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Design Influence: Page is Always Thinking about Design

1000 Speer: a contemporary expression of urban living. Courtesy Frank Ooms


WORDS: Sean O’Keefe

Michael Mace has never been anything other than an architect. He is second-generation; sharing proudly that he graduated from Washington State University with a degree in architecture 17 years after his father died when he was 8 years old. He recalls fondly watching his father work on design projects in their home; first as a student, later as a professional. The experience made a big impression. Today, Mace is the senior principal in charge of operations in the Denver office of Page, an international design practice that promises design that makes lives better.

“I love the variety of challenges that tough projects present,” says Mace from Page’s office on the top floor of Denver’s tallest tower, Republic Plaza. “The best work happens on the hardest projects, which is why I am personally focused on advanced technology facilities, semiconductors and data centers; tight schedules, challenging and complicated projects are my specialty.”

Stuart Crawford shares a similar story. Having grown up in the family design and construction business, architecture is the only profession he’s ever known, and it has served him well. After spending the first 17 years of his career in New York City working at a top-notch firm, he joined Page in 2013. While his work is focused on higher education and academic facilities, in stages Crawford has his eyes on most projects the Denver office produces.

“It’s the best job I ever had,” Crawford says unabashedly. “My role here gives me a chance to look at a lot of different designs originating from a lot of unique programs and ambitions. The office is filled with talented designers, great projects, a sense of collaboration and a variety of tools that facilitate our work.”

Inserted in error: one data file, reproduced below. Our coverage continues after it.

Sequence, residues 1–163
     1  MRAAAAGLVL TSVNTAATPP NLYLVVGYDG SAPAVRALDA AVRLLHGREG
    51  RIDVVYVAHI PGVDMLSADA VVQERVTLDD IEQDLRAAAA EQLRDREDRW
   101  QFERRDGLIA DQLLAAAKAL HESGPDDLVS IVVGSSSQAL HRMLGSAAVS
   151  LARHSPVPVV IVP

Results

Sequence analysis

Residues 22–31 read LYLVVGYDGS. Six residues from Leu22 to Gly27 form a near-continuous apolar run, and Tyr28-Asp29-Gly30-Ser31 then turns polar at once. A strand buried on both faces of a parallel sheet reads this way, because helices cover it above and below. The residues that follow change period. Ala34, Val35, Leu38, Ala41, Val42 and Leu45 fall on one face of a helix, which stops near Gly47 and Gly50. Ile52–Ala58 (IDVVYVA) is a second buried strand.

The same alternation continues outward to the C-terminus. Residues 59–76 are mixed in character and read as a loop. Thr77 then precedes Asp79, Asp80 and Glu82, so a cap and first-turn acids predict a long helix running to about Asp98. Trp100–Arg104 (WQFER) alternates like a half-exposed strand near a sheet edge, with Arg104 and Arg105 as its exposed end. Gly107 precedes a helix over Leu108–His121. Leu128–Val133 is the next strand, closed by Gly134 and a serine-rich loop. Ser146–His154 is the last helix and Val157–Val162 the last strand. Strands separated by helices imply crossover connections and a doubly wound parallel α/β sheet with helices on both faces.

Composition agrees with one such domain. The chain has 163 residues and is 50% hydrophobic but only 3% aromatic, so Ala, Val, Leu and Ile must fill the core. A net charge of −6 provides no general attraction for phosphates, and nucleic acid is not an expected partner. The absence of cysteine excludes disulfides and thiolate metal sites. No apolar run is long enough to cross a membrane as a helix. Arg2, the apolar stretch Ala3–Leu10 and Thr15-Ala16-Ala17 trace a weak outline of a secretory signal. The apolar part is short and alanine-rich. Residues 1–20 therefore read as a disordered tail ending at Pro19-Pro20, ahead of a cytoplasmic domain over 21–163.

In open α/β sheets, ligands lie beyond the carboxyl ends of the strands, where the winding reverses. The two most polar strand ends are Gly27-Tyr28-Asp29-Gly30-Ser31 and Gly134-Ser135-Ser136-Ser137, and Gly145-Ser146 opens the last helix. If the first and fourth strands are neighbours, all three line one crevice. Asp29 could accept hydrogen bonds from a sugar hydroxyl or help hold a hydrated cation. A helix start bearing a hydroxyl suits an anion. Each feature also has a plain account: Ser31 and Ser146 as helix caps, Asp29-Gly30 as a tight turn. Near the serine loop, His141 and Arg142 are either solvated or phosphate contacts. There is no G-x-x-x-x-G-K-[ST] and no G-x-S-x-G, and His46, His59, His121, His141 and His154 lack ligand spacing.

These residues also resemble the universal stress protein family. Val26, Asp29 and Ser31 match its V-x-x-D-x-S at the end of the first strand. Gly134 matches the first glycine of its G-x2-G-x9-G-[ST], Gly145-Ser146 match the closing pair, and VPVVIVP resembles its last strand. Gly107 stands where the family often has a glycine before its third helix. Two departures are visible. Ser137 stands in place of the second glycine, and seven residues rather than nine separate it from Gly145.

Like the best of many things, skill, craftsmanship, time, tools and, ultimately, experience is what produces the best architecture.

“Page is a 121-year-old firm that originated in Austin, Texas,” says Mace of the firm’s lineage. Presently, there are seven domestic offices and international offices in Dubai and Mexico City. The firm’s portfolio encompasses a broad balance of government, health care, aviation, academic, civic and commercial projects. A strong history of federal projects is headlined by an extensive relationship in support of the U.S. Department of State’s Office of Overseas Building Operations. Since 2002, Page has been a design partner with contractors on more than 40 U.S. embassy and consular commissions around the world.

The Denver office was actualized in 2008 when Page acquired a local design practice that had strong experience in student life and housing for higher education and multifamily housing. Building on that knowledge, the firm expanded its student housing expertise nationally. Simultaneously, over the decade since gaining a foothold in the Denver market, Page has since broadened its local portfolio into each of the firm’s markets – academic, civic, corporate and commercial, health care, housing and hospitality, municipal, and science and technology.

“Denver has been a great place to be and obviously Colorado is a beautiful place to build anything,” says Crawford. Indeed, Page’s recently completed Colorado portfolio spans the gamut. From high-tech aerospace to contextual higher education to luxury multifamily, each project is intended to articulate the particular client’s program, purpose, place and point of view with an inspiring design.

United’s 12,000 pilots train here each year. Courtesy Caleb Tkach